During a long-haul flight, your body is coping with changing time zones, less oxygen to the brain, cruising speeds of 500+ mph (800+ kph), et. al.
The best way to offset these abnormal conditions is to eat and sleep during your flight.
In doing so, you will gift yourself with greater energy and decreased jet lag when you land.
Many long haul flights take place overnight—either night into day or day into night.
Whether you board your flight at 11am or 11pm, they will feed you a semi-substantive meal within the first hour after takeoff.
They do this for a reason… to knock you out (in a good way)!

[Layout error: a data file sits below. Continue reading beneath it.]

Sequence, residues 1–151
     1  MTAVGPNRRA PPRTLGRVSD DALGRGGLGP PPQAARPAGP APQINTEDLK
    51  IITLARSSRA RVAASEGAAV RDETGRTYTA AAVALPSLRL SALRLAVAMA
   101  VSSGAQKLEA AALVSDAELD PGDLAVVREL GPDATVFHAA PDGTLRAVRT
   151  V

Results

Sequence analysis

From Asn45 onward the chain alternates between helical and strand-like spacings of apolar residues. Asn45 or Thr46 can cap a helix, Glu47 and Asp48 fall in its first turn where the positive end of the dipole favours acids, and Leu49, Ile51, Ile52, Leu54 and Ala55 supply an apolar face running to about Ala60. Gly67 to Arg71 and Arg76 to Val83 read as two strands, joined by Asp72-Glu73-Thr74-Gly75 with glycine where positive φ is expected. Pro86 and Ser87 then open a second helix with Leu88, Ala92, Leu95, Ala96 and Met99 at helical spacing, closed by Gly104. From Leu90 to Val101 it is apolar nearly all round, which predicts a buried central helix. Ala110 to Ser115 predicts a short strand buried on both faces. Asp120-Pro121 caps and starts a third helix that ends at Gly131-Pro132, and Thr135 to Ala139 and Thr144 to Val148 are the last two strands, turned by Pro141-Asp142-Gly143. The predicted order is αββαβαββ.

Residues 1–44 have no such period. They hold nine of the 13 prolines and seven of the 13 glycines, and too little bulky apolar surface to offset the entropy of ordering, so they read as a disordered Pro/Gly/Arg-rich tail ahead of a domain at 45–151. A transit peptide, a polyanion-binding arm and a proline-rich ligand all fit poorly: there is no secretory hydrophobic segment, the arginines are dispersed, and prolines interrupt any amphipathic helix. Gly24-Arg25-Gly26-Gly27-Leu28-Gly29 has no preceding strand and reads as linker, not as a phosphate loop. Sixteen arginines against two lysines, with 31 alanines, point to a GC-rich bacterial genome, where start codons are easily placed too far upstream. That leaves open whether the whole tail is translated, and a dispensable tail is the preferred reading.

It tends to go down like this: take off… drink service… food service… l-o-n-g cue for the bathrooms… the cabin lights are turned down real low… the cabin gets nice and quiet… most of the passengers end up nodding off soon thereafter.
If you’re not too keen on eating the meals catered by the airline, bring at least 2 fulfilling meals of your own.
Additionally, be sure to pack a snack or two in case you get a lil’ hungry between meal services.
Note: Normally, there are two meal services during a long-haul flight, plus a little snack handed out at the midpoint. For most major airlines, this is included in the cost of your airfare.